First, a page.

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Cartilage Tissue Engineering by the 3D Bioprinting of iPS Cells in a Nanocellulose/Alginate Bioink

Duy Nguyen (Institutionen för kemi och kemiteknik, Kemisk apparatteknik) ; Daniel Hägg (Institutionen för kemi och kemiteknik, Polymerteknologi) ; Alma Forsman ; Josefine Ekholm ; P. Nimkingratana ; Camilla Brantsing ; Theodoros Kalogeropoulos (Institutionen för kemi och kemiteknik, Polymerteknologi) ; Samantha Zaunz (Institutionen för kemi och kemiteknik) ; Sebastian Concaro ; M. Brittberg ; Anders Lindahl ; Paul Gatenholm (Institutionen för kemi och kemiteknik, Polymerteknologi) ; Annika Enejder (Institutionen för biologi och bioteknik, Kemisk biologi) ; Stina Simonsson
Scientific Reports (2045-2322). Vol. 7 (2017),
[Artikel, refereegranskad vetenskaplig]

Cartilage lesions can progress into secondary osteoarthritis and cause severe clinical problems in numerous patients. As a prospective treatment of such lesions, human-derived induced pluripotent stem cells (iPSCs) were shown to be 3D bioprinted into cartilage mimics using a nanofibrillated cellulose (NFC) composite bioink when co-printed with irradiated human chondrocytes. Two bioinks were investigated: NFC with alginate (NFC/A) or hyaluronic acid (NFC/HA). Low proliferation and phenotypic changes away from pluripotency were seen in the case of NFC/HA. However, in the case of the 3D-bioprinted NFC/A (60/40, dry weight % ratio) constructs, pluripotency was initially maintained, and after five weeks, hyaline-like cartilaginous tissue with collagen type II expression and lacking tumorigenic Oct4 expression was observed in 3D -bioprinted NFC/A (60/40, dry weight % relation) constructs. Moreover, a marked increase in cell number within the cartilaginous tissue was detected by 2-photon fluorescence microscopy, indicating the importance of high cell densities in the pursuit of achieving good survival after printing. We conclude that NFC/A bioink is suitable for bioprinting iPSCs to support cartilage production in co-cultures with irradiated chondrocytes.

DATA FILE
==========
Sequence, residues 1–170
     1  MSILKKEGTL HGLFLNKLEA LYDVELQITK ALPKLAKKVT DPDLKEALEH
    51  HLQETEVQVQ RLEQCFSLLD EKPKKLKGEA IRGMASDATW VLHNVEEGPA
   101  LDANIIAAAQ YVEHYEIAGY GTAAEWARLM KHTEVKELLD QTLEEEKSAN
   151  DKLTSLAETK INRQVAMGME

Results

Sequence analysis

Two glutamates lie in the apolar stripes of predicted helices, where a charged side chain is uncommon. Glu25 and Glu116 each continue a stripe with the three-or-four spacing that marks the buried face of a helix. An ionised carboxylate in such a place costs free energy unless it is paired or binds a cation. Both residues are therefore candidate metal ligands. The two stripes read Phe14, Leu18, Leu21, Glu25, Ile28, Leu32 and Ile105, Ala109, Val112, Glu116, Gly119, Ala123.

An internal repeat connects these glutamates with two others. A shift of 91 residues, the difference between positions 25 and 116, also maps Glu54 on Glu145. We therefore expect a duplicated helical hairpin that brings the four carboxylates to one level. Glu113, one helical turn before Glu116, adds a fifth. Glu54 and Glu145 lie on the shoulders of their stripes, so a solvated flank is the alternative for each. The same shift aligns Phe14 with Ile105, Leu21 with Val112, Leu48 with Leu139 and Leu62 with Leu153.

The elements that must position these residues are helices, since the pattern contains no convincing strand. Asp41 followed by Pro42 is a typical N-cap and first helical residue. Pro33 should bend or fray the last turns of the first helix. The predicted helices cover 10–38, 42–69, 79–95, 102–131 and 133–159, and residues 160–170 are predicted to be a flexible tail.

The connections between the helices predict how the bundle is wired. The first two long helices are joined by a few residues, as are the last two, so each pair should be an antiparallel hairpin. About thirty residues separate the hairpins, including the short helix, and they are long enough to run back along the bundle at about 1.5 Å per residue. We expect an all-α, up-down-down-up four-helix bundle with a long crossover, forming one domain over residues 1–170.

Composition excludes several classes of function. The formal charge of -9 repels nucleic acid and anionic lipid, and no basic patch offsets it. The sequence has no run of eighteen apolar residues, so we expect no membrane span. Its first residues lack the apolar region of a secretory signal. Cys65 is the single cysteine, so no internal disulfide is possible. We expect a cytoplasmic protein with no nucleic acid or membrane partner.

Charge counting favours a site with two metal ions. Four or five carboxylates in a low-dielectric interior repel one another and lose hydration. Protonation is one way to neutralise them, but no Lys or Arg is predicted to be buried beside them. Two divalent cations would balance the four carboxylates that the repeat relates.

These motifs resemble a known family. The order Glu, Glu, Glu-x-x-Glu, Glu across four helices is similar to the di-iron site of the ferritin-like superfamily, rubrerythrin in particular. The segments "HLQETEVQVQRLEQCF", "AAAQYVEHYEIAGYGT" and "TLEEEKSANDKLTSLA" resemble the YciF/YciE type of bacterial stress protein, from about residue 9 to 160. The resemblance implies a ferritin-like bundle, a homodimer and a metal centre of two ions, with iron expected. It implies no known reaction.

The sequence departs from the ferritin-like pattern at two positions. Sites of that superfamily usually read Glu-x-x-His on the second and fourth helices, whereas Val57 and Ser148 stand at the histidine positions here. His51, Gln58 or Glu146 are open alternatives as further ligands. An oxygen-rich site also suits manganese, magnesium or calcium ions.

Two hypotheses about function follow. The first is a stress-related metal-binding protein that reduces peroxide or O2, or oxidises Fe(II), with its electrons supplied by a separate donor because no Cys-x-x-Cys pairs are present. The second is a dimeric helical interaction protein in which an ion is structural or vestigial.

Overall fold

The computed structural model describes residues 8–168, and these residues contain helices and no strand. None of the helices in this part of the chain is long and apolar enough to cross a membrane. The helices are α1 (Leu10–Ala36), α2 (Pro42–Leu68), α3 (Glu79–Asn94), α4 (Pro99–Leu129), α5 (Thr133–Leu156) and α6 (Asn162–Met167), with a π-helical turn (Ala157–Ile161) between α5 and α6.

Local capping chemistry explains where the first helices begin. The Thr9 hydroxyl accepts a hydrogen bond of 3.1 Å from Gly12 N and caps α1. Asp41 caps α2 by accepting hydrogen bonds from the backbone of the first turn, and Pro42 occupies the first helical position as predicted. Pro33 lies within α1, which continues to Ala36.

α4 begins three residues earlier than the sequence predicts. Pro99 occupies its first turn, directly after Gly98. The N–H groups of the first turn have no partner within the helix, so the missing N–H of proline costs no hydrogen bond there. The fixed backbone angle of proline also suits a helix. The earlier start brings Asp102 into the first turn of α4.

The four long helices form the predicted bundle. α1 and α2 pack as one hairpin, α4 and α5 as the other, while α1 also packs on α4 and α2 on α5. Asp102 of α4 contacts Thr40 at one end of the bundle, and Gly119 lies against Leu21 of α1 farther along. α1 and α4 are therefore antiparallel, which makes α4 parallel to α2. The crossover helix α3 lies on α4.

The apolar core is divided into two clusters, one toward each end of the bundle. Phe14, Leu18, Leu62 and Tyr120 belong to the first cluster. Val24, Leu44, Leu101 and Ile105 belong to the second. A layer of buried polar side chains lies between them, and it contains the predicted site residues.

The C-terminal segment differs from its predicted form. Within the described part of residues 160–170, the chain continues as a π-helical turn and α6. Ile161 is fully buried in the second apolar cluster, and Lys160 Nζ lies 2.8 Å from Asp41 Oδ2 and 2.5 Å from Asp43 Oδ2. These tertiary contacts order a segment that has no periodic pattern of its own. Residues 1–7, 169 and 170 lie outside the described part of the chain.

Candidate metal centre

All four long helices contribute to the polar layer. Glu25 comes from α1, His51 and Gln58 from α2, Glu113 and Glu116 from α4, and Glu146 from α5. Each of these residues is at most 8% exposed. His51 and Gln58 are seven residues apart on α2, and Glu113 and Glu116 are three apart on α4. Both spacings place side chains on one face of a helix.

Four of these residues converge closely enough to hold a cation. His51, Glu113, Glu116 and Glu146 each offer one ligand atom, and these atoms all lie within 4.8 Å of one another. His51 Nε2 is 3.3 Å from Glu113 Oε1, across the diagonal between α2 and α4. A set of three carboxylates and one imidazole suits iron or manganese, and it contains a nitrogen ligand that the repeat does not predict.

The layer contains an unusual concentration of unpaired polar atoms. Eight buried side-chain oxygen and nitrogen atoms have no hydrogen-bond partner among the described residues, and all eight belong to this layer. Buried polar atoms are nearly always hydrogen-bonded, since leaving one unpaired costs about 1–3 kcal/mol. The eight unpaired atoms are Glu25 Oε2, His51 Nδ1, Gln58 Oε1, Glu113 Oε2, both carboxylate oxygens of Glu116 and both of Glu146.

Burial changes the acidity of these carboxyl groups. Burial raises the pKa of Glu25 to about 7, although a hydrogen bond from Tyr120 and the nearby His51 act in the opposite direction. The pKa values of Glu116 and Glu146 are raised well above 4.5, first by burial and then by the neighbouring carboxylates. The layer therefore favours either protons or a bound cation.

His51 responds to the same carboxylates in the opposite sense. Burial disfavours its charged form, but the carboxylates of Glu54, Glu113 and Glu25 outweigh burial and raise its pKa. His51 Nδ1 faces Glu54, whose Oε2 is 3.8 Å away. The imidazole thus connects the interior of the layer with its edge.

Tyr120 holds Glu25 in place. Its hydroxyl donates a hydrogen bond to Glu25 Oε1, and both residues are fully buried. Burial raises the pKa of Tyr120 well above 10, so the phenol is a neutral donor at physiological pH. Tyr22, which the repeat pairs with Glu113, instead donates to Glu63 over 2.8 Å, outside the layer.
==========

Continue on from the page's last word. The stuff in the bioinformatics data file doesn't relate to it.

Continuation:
Nyckelord: Pluripotent Stem-Cells, Autologous Chondrocyte Implantation, Human, Articular Chondrocytes, Chondrogenic Differentiation, Self-Renewal, Hydrogel, System, Bone, Knee



Denna post skapades 2017-05-05. Senast ändrad 2017-06-27.
CPL Pubid: 249139

 

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Institutioner (Chalmers)

Institutionen för kemi och kemiteknik, Kemisk apparatteknik
Institutionen för kemi och kemiteknik, Polymerteknologi
Institutionen för biomedicin, avdelningen för klinisk kemi och transfusionsmedicin (GU)
Institutionen för kemi och kemiteknik
Institutionen för biologi och bioteknik, Kemisk biologi

Ämnesområden

Biomaterialvetenskap

Chalmers infrastruktur